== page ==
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Installing virtual machines in Citrix XenServer 5.5

Installing virtual machines in XenServer isn't hard, but you need to take some precautions. This step-by-step tip helps you install virtual machines without problems.

When installing virtual machines on Citrix Systems Inc.'s XenServer 5.5 for the first time, you may encounter some...

problems. This article helps you install virtual machines the right way and forestalls installation glitches.

Installing virtual machines (VMs) in XenServer can be a challenge because you can install them in standalone and clustered environments. Depending on the environment, you need to take some precautionary measures.

More on installing virtual machines
Installing Windows guest virtual machines
Installing KVM virtual machines
Preparing to install virtual machines
When you first install XenServer VMs, you have to configure storage. If your XenServer environment has been installed for you, someone else has probably taken care of allocating the storage and creating a storage repository on a storage area network (SAN). If this is not the case, you can learn how to create iSCSI storage area networks yourself.

After configuring storage, go into XenCenter and click New VM to start creating a VM and open a wizard. Select the operating system you want to virtualize and click Next to proceed. In the next window, you can enter a name and description for the VM. Click Next to continue.


Select a template for the operating system you want to install. (Click image to enlarge.)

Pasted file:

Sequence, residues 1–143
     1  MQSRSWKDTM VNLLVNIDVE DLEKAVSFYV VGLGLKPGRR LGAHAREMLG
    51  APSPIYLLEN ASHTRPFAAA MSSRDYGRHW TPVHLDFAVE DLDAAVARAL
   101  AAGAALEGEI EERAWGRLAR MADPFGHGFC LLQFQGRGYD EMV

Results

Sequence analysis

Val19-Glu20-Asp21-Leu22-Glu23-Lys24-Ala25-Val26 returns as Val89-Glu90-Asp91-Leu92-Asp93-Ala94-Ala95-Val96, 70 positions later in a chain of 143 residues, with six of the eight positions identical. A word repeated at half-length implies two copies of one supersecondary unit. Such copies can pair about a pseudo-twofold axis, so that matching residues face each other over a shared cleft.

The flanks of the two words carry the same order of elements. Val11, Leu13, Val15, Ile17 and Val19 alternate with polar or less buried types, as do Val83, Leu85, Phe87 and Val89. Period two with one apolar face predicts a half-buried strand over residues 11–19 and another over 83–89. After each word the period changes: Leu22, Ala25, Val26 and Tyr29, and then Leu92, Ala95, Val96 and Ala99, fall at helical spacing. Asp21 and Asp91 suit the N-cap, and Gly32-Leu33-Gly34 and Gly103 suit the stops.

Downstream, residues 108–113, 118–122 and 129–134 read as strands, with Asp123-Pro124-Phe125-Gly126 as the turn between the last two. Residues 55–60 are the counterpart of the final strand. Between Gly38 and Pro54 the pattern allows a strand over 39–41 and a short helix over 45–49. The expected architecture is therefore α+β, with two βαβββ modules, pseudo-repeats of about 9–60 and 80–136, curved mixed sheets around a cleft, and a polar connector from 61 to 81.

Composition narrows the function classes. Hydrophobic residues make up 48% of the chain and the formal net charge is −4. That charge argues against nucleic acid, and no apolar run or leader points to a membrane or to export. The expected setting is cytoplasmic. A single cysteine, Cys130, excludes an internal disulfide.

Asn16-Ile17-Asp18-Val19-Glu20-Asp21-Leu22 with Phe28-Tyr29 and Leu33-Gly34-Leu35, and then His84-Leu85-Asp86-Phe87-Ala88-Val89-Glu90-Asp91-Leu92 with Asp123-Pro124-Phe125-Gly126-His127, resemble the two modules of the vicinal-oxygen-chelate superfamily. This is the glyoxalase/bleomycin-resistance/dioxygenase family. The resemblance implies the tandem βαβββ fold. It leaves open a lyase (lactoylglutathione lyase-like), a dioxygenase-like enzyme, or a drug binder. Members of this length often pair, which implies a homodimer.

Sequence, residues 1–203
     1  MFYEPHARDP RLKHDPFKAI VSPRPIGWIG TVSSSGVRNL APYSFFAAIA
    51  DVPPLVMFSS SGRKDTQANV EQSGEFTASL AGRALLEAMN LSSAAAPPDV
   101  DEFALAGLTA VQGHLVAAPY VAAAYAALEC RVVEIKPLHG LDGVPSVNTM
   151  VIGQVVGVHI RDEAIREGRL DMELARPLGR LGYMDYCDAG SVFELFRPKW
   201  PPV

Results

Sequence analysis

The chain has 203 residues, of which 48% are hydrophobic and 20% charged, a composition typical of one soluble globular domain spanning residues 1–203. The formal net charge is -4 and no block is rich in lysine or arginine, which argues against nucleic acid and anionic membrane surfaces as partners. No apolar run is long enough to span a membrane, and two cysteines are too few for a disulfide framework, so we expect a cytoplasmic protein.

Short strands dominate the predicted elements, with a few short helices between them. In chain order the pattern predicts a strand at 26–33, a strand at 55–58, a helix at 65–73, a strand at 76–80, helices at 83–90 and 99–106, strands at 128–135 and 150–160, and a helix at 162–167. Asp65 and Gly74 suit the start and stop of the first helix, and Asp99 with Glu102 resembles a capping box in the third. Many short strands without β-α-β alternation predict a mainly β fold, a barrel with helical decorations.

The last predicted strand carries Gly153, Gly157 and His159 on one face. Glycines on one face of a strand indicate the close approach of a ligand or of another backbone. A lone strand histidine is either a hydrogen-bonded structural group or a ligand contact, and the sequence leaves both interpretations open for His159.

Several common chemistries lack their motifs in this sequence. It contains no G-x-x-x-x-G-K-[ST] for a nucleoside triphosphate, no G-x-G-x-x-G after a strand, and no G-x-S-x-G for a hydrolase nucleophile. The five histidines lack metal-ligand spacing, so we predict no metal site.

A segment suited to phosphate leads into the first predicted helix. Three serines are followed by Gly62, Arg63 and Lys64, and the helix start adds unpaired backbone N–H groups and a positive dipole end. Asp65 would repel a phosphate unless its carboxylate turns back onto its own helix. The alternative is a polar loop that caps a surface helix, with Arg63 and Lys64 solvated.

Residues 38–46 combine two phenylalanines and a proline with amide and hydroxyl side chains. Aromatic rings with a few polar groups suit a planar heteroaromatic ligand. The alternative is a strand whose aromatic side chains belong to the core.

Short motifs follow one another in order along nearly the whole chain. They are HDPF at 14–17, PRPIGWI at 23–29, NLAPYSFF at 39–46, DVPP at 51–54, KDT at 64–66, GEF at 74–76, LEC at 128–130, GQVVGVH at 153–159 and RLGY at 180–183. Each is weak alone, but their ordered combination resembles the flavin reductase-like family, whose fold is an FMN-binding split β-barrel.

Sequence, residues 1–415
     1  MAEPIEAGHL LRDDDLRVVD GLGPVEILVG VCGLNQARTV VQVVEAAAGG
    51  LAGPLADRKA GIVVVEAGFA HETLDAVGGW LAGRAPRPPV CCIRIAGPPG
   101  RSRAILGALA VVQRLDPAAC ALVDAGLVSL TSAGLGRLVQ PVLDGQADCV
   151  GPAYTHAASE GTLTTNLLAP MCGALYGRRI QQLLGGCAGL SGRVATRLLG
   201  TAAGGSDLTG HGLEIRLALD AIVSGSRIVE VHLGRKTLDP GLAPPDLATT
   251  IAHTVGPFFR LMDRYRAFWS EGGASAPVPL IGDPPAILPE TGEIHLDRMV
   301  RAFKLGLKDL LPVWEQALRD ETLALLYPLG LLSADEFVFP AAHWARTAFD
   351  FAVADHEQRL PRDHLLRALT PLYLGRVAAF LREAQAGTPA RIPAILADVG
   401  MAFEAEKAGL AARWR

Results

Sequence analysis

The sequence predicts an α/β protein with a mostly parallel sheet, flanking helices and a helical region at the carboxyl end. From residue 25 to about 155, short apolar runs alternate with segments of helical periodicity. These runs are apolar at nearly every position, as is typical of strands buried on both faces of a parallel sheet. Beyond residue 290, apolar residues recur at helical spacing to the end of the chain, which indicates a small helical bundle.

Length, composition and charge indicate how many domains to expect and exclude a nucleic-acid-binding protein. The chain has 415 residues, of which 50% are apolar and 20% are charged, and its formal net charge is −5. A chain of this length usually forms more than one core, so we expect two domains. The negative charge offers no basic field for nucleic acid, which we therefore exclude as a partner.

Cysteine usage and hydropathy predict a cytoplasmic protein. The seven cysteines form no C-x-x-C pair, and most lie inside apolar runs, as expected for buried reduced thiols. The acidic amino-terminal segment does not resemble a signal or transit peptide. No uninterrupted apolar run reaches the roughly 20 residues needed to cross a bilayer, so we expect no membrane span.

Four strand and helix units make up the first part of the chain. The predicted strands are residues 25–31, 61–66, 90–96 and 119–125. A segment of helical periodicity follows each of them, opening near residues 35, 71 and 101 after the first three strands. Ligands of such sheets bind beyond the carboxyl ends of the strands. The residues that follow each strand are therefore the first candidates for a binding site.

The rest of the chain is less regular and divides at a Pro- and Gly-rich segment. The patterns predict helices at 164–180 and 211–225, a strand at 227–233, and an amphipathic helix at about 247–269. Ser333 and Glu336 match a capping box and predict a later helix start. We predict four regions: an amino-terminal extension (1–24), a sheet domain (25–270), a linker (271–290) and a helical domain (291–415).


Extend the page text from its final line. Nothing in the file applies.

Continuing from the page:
Next, decide the location from which you want to install virtual machines. You can choose between a physical DVD drive in one of the XenServer hosts -- which means that the machine will be bound to that host -- or an ISO image. If you want to configure the virtual machine in a SAN environment, you can create a Network File System (NFS) ISO store for that purpose, which ensures that VMs are not bound to a particular host. Make sure there is an ISO image for the operating system you want to install in the NFS ISO repository, and select that image.


If you install virtual machines from a physical DVD drive, the virtual machine is bound to that host server. (Click image to enlarge.)

At this point, you have to select the Home Server. If you have the storage back end and the ISO image separated from the host server, the option Automatically Select a Home Server is selected by default. Select that option for maximal flexibility, and click Next to proceed.

Installing virtual machines' virtual hardware
Now you need to specify which virtual hardware the machine is going to use. For some scenarios, the default assignment of 512 MB RAM on one virtual CPU is a bit tight, so make sure that you change that to at least 1 GB RAM.


The default hardware assignments are a bit tight. (Click image to enlarge.)

After selecting CPU and RAM, you'll need to specify what you want to do with the virtual disks on your machine. Select the kind of storage you want to use and choose the right size. By default, only 1 GB is assigned, and that's insufficient in nearly all cases. You can also specify the disk access priority for this VM, which is useful if you want to differentiate the importance of different VMs. By default, all VMs get the highest disk access priority.


By using the disk access priority option, you can specify how important this VM's disk access is. (Click image to enlarge.)

In the last part of the configuration, you can specify which network card to use. Just click Next to select the default network card that is used for management. (If necessary, you can always change this setting later.) Then click Finish to start the process of creating and installing virtual machines. You now just have to select the VM in XenCenter to complete its installation.

Sander van Vugt, Contributor
Sander van Vugt is an independent trainer and consultant based in the Netherlands. Van Vugt is an expert in Linux high availability, virtualization and performance and has completed several projects that implement all three. He is also the writer of various Linux-related books, such as Beginning the Linux Command Line, Beginning Ubuntu Server Administration and Pro Ubuntu Server Administration.


This was last published in April 2010

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